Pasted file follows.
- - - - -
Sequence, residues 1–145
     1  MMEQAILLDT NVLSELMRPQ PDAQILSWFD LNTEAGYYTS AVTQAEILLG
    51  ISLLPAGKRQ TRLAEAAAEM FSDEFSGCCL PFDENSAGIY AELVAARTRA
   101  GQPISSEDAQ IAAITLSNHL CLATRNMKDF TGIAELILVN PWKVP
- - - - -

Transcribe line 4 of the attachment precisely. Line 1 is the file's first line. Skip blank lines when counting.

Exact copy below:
   101  GQPISSEDAQ IAAITLSNHL CLATRNMKDF TGIAELILVN PWKVP